“The Works” bagel sandwich comes packed with freshly cooked eggs, melted cheddar cheese and crispy bacon. Abigail Monti / Daily Nexus

Despite packing mac and cheese-filled bread bowls since 2010, Daniel Dunietz, UCSB alumnus and founder of Dank Bowl Kitchen, is on a mission to bake the best bagels in I.V.

Yetz’s Bagels, coined after Dunietz’s nickname, opened inside Dank Bowl Kitchen just last week. Open from 8 a.m. to 3 p.m daily — or until their fresh-baked bagels sell out — the pop-up caters to a breakfast and lunch crowd. Midday, the restaurant undergoes a menu switch, leaving Dank Bowl Kitchen to handle the evening shift. 

The inspiration for Yetz’s Bagels struck last fall after Dunietz took a trip to the East Coast. “Anytime I visit family in New York, I purchase a dozen bagels from a local shop and pack them into my luggage to feed my bagel cravings for a week. I have always longed for a bagel shop in Santa Barbara that could simply come close to the chewy, crunchy heaven that is a perfectly baked New York bagel,” Dunietz said. “I had the epiphany that if anybody was going to create the perfect bagel it would have to be me.”

While the idea for Yetz’s Bagels was born recently, Dunietz has always been a bagel enthusiast. “I’ve been perfecting the ‘topping’ portion of a bagel since as long as I can remember. One of my favorite things to do as a teenager was invite friends over so they could try my bagel creations,” he said. But bagel making is more than just a hobby for Dunietz: as the son of Polish Jewish immigrants, he notes that the activity is embedded deeply into his family traditions and heritage.

Despite the many other breakfast joints in I.V., Dunietz claims the community is in a “bagel desert” and he’s the man to turn that around. 

“I realized that if I couldn’t find a decent bagel in town I had no choice but to bake it myself, and set out on a mission to produce a bagel that would rival even the most established New York bagel shops,” Dunietz said.

So what makes Yetz’s Bagels different? The answer lies in the process.

“From the moment the yeast and the flour mix, our bagels are prepared with the utmost care and attention to detail in order to ensure the end product is mouth watering perfection. We don’t cut corners. We take every step in the bagel making process seriously and prepare them the same way they have been prepared for centuries, going back to my roots in the Polish Jewish community,” Dunietz said.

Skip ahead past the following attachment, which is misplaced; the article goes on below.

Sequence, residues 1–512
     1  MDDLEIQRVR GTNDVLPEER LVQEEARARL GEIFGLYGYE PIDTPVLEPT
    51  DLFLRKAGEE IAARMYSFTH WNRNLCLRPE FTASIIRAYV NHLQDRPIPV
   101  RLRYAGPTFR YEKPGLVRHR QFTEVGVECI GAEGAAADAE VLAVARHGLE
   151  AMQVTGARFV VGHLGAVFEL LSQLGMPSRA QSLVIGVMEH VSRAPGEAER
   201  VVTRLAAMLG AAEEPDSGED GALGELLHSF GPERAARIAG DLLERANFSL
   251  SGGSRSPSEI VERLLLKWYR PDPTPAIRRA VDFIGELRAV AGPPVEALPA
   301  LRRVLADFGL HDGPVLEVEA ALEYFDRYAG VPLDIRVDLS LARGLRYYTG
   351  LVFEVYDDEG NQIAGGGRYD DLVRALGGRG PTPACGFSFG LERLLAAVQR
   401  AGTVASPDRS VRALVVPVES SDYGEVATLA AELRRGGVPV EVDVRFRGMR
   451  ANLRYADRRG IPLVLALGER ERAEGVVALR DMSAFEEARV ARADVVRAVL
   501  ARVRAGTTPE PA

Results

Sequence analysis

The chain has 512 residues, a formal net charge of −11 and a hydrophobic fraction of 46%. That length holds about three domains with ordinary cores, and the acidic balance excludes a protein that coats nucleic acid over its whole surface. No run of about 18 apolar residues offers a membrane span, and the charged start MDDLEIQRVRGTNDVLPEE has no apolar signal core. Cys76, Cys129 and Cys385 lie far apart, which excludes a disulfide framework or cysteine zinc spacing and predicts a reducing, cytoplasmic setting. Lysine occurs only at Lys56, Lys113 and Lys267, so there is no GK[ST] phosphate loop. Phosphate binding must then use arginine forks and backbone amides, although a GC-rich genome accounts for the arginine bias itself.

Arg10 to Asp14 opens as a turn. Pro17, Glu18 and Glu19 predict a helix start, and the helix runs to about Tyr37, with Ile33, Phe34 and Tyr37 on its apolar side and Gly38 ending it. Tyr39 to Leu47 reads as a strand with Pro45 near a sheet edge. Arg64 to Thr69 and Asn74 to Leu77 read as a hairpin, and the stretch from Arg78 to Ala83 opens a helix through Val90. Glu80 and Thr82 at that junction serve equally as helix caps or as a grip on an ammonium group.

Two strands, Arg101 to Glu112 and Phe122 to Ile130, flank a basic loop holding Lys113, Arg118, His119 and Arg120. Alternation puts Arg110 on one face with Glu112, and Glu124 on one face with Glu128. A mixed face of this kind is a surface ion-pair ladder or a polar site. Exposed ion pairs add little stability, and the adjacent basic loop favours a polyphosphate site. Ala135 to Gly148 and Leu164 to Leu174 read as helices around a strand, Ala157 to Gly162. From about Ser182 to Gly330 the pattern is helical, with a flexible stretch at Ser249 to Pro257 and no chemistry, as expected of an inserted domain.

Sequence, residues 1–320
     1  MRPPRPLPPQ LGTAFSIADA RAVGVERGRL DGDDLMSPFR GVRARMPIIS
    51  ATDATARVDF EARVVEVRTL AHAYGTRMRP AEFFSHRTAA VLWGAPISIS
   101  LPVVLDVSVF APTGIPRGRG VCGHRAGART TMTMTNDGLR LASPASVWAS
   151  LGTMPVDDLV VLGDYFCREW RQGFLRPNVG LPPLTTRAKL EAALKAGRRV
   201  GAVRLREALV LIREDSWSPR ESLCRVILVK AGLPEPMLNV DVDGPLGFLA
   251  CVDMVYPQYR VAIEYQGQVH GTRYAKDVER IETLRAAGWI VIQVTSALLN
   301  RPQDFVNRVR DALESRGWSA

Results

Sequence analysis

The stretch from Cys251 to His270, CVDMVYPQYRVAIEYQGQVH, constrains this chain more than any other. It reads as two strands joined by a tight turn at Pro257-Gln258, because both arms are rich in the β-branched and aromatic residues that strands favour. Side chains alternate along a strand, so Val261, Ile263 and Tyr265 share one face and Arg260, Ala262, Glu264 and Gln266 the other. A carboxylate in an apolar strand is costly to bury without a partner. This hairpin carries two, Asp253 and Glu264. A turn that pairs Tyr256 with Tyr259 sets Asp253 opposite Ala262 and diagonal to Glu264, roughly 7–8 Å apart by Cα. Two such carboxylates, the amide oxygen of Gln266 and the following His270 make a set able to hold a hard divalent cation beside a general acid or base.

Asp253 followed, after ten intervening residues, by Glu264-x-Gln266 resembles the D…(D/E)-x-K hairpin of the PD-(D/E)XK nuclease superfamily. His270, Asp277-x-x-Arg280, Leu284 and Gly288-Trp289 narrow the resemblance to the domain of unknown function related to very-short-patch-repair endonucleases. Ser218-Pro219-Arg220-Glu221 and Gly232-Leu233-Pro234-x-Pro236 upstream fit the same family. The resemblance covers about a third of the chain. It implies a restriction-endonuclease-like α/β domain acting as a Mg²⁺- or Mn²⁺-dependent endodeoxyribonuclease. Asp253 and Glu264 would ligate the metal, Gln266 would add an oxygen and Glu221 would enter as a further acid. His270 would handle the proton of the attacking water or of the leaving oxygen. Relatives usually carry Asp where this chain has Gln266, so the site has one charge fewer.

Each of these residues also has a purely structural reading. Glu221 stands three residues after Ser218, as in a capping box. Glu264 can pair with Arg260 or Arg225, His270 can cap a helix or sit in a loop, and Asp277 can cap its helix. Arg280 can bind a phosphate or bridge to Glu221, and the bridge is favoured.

“I started hand-rolling the dough on my kitchen counter, tweaking the ratios, knead time, proof time, yeast type, boiling and baking times, basically every variable that you can imagine, continuously striving for the perfect bagel. After months of experimenting, I am confident my bagel is hands down the best bagel in Santa Barbara, if not the entire Central Coast.” 

The menu has no shortage of handmade, New York-style options, offering plain, everything, poppyseed, sesame, garlic, onion and cinnamon crunch-flavored bagels. Their sandwich menu is limited, currently featuring only four options, yet comprehensive enough to satisfy any crowd. The Gaucho, Yetz’s Bagels’ most iconic menu item, features bacon, egg, cheese, pico de gallo and chipotle mayo or pesto aioli. 

“I have a whole list of bagel creations that I think the IV community would love, but that will all come in time,” Dunietz said. 

Following Dank Bowl Kitchen’s legacy of creative combinations, we can only anticipate Dunietz bringing exciting new topping options to the breakfast crowd.

What Yetz’s Bagels lacks in options, it makes up for in value. A single bagel with schmear costs $4.25 and a classic egg and cheese sandwich only costs $6. The most expensive item on the menu, The Deluxe — featuring lox, chive cream cheese, tomatoes, onions and capers — totals for $12. The same options (or similar, in regards to The Deluxe) at IV Bagel Cafe compare closely, costing $4.44, $6.99 and $12.76, respectively. 

While the prices are similar, the quality is leagues apart. Prioritizing quality, Dunietz and his team take no shortcuts. Unlike other I.V. establishments, microwaved eggs are out of the question at Yetz’s Bagels. Cooked on the griddle and perfectly seasoned with salt and pepper, Dunietz serves up eggs that are fluffy, warm and — most importantly — fresh. 

Yetz’s Bagels also offers a comprehensive drink menu, featuring unique choices like Honey Milk Tea, Caramel Cold Brew, Iced Matcha Latte, Lemon Drop Black Tea and Strawberry Basil Lemonade. Once again, Dunietz delivers reasonable prices: the cost for a 16-ounce drink ranges from $3.25 to $4.25. However, the drinks are pre-prepared in large batches, which prevents any customization.

Despite utilizing no advertising beyond an 8.5 x 11 inch “Bagels Bagels Bagels” sign posted in the store’s front window, Yetz’s Bagels is already drawing a hungry crowd. With Dunietz’s mouth-watering bagel recipe, word-of-mouth might just be all he needs to establish himself as the bagel mogul of I.V. Make sure to stop by earlier in the morning for the widest selection of bagels, as rising demand might leave your favorite flavor in short supply.

“I think that once you’ve tried one of Yetz’s Bagels, there is no going back,” Dunietz said. Visit the restaurant’s location on Embarcadero Del Mar to put Dunietz’s claim to the test.

A version of this article appeared on p. 8 of the January 18, 2023 version of the Daily Nexus.